Baby whale's first breath caught on camera off Australia

Jul 23, 2009
This photo received from the Centre for Whale Research in Western Australia shows a new-born humpback whale calf being lifted clear of the water to take its very first breath off Ningaloo Reef in the waters off Western Australia. Australian scientists have photographed a humpback whale helping a newborn calf take what appears to be its first breath, a rare event/

Australian scientists have photographed a humpback whale helping a newborn calf take what appears to be its first breath, a rare event described as the "Holy Grail" for whale-watchers.

The marine scientists from Western Australia's Centre for Whale Research said they watched in astonishment as the mother swam beneath the distressed baby and lifted it above the , clearing its blowhole to take in air.

"We feel awed and privileged to have finally seen this spectacle after over 20 years of research," said scientist Curt Jenner.

The researchers said the water was full of blood, indicating the mother had just given birth on the off Western . They added that the "small and skinny" baby was instantly revived by its first breath.

"It was apparent that the calf was struggling to stay at the surface to breathe and was swimming around in tight, clockwise circles with only the tip of its snout protruding," said Jenner's wife and fellow scientist, Micheline.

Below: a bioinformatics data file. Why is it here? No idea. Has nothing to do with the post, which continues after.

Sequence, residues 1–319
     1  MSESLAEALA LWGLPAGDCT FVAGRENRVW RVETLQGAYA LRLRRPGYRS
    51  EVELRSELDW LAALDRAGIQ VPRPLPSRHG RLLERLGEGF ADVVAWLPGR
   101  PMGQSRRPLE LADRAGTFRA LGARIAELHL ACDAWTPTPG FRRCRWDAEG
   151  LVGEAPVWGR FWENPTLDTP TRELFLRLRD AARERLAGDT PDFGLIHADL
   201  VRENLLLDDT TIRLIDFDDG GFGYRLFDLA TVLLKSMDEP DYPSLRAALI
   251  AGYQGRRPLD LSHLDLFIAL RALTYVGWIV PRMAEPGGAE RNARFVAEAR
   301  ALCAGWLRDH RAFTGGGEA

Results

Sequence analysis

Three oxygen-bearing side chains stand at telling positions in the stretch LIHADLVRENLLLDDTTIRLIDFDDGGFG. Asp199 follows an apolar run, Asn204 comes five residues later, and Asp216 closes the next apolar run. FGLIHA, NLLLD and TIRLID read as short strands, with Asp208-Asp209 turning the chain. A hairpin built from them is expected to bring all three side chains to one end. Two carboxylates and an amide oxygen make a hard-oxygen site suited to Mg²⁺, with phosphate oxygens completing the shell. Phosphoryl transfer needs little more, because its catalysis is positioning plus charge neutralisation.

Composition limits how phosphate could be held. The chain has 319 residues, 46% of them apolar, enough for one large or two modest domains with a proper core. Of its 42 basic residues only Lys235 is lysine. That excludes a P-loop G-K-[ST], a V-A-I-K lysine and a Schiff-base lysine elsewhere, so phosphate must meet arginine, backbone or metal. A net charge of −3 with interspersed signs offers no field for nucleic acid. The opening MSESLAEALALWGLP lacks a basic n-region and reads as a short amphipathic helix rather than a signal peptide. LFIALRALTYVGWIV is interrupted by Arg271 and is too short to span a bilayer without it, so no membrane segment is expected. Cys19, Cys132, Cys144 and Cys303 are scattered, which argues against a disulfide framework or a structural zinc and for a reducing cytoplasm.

"As soon as the cow lowered its newborn back into the water, its little tail flukes began to beat like a wind-up toy being lowered into the bath," she added.

Humpbacks are one of the largest whale species, growing up to 18 metres (60 foot) long. They are a mainstay of the whale-watching industry in Australia, which is worth an estimated 300 million dollars (246 million US) a year.

(c) 2009 AFP

Explore further: Flapping baby birds give clues to origin of flight

add to favorites email to friend print save as pdf

Related Stories

Biologists to euthanize beached whale

Jan 01, 2008

Marine biologists monitoring a sperm whale stranded at the mouth of Florida's Tampa Bay say euthanizing it is the most humane option.

Whale shark secrets finally revealed

Sep 26, 2005

Researchers in Belize using electronic tagging on whale sharks have finally solved a marine mystery and discovered where the sharks find food.

Photo-monitoring whale sharks

Dec 26, 2007

Up to 20 meters long and weighing as much as 20 tons, its enormous size gives the whale shark (Rhincodon typus) its name. Known as the ‘gentle giant’ for its non-predatory behavior, this fish, with its broad, flattened ...

Recommended for you

Flapping baby birds give clues to origin of flight

11 hours ago

How did the earliest birds take wing? Did they fall from trees and learn to flap their forelimbs to avoid crashing? Or did they run along the ground and pump their "arms" to get aloft?

Wolves susceptible to yawn contagion

Aug 27, 2014

Wolves may be susceptible to yawn contagion, according to a study published August 27, 2014 in the open-access journal PLOS ONE by Teresa Romero from The University of Tokyo, Japan, and colleagues.

User comments : 0